Biochemical oxygen demand (BOD) provides a measure of the impact of wastewater on the oxygen content of the receiving water body, and is an “estimate” of the “food” available in the sample. The more “food” present in the sample, the more oxygen is required, and the higher the BOD, the faster the oxygen is depleted from the water column. This means that less dissolved oxygen is available for aquatic life, which is subsequently stressed, suffocated and killed.
What is Biochemical Oxygen Demand (BOD)?
BOD (Biochemical Oxygen Demand) is the amount of dissolved oxygen required for microbial decomposition of organic matter contained in 1L of water under aerobic conditions, generally expressed in mg/L. The higher the BOD value, the more serious the pollution of the water body by organic matter.
COD and BOD
Like BOD, chemical oxygen demand (COD) can be used to estimate the amount of organic loading in a water sample. COD describes the amount of oxygen required for chemical decomposition of pollutants, while BOD indicates the amount of oxygen required for microbial decomposition of pollutants.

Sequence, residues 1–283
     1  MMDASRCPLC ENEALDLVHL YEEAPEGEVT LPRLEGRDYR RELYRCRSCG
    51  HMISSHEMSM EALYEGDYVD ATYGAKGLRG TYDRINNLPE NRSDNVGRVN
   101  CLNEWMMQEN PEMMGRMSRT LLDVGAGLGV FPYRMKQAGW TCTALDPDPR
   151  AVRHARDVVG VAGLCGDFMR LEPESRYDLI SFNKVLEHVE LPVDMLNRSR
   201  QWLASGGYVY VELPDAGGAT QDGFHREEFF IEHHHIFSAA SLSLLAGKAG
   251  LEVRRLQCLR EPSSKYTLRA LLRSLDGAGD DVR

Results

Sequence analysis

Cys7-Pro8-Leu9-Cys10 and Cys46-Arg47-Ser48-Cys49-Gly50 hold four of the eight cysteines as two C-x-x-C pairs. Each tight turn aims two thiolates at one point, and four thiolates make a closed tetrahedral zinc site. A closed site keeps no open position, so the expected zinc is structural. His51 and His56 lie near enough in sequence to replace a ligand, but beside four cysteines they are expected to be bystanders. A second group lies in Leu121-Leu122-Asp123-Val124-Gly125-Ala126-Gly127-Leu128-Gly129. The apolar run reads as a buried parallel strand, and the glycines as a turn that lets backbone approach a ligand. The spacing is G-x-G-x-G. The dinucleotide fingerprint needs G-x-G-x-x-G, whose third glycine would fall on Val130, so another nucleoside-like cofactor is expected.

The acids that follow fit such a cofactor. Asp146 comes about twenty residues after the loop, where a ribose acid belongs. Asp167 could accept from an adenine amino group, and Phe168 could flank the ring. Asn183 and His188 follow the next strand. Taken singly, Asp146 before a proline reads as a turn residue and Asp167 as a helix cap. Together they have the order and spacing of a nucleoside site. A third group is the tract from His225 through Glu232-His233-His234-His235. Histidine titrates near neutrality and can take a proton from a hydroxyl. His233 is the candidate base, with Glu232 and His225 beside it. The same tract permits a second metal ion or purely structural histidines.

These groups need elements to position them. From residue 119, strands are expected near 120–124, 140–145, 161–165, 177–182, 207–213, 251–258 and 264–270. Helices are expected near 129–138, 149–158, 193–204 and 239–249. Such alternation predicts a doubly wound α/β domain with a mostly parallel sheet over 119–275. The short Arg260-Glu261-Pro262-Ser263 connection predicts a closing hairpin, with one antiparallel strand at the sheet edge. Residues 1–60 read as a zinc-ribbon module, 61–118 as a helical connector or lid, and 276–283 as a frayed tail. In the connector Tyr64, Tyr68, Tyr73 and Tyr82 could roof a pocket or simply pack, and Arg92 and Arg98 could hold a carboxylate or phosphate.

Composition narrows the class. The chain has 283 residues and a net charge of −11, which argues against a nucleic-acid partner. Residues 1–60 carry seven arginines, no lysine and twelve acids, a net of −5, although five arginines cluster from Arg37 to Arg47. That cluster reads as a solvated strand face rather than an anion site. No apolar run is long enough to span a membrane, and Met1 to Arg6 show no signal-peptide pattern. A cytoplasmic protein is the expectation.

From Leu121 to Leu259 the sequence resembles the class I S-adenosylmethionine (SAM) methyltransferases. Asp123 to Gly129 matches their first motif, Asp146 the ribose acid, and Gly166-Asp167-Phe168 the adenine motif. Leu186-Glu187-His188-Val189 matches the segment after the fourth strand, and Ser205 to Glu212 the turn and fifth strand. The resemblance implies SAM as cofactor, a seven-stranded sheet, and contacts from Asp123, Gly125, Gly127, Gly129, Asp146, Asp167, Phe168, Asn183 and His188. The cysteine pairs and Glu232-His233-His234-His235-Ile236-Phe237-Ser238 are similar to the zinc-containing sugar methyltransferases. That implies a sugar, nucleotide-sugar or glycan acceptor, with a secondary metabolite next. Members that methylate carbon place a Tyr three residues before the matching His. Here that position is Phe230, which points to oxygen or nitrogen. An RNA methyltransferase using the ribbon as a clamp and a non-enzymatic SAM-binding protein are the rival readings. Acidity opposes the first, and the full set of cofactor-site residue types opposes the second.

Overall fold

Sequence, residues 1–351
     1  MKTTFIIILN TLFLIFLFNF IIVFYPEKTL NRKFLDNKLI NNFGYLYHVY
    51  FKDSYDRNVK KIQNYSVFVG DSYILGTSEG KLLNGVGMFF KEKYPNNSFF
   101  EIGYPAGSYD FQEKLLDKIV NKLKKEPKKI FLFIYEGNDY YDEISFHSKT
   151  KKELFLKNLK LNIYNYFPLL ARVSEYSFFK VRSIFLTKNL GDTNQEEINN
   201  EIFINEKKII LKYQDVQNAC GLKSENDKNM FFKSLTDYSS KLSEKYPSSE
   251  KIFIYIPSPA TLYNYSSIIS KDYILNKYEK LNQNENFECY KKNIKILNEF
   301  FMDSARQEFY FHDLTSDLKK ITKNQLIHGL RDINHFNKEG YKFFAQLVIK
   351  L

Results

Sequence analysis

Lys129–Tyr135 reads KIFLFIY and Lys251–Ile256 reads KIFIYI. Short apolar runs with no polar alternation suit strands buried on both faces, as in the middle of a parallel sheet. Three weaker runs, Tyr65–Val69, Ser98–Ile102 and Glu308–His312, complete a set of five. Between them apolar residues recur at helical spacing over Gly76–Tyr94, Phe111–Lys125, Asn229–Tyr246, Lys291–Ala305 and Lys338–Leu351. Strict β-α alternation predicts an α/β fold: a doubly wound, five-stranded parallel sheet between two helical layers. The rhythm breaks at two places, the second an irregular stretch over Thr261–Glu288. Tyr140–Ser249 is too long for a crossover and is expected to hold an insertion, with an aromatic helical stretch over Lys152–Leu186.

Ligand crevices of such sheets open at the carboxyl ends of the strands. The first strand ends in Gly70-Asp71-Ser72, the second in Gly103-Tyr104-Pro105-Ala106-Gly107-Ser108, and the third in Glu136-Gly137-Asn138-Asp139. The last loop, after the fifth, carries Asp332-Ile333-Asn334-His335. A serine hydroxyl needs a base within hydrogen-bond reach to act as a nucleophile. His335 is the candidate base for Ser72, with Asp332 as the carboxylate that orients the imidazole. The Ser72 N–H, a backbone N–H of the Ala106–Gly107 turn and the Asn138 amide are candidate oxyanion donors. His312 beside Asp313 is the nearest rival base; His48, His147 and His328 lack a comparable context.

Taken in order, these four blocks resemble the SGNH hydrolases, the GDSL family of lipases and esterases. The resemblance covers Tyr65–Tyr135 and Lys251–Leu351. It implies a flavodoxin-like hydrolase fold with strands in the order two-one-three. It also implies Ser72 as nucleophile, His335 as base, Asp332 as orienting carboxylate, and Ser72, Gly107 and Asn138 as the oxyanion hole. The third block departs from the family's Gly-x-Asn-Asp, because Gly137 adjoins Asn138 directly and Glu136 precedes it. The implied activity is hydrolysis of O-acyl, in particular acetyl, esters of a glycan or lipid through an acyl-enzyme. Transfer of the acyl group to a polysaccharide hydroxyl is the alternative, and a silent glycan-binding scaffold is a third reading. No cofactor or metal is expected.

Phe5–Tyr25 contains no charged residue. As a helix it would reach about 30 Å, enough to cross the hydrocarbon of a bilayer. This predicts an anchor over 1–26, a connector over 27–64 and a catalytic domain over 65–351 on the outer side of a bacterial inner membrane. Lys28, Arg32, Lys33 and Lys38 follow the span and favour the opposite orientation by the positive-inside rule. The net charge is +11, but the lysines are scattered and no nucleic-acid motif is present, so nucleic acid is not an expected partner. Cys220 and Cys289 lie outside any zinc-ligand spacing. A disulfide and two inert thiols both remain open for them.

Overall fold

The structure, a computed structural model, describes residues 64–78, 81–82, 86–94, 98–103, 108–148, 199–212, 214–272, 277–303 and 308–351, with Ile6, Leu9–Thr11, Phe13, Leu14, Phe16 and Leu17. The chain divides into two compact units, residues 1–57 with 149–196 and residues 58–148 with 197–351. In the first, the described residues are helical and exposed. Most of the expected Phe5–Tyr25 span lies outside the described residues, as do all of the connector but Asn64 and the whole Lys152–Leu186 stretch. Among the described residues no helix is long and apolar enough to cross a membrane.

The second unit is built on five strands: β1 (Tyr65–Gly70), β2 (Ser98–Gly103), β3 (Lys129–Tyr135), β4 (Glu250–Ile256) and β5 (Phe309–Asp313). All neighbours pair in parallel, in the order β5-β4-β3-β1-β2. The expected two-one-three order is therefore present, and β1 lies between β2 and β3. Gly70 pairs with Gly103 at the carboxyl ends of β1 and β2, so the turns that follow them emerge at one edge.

Why measure Biochemical Oxygen Demand?
BOD is an important water quality parameter that is widely used in the water treatment industry and environmental monitoring. When effluents are discharged into the environment, they introduce pollution in the form of organic matter into receiving waters. Biological Oxygen Demand (BOD) is commonly used in wastewater treatment plants as an indicator of the level of organic contamination in water. High concentrations of organic matter can deplete dissolved oxygen levels in water, leading to negative environmental and regulatory consequences.
To help determine the impact and ultimately limit the amount of organic pollution in water, BOD is an essential measurement. Total Organic Carbon (TOC) can also be used when related to BOD or COD.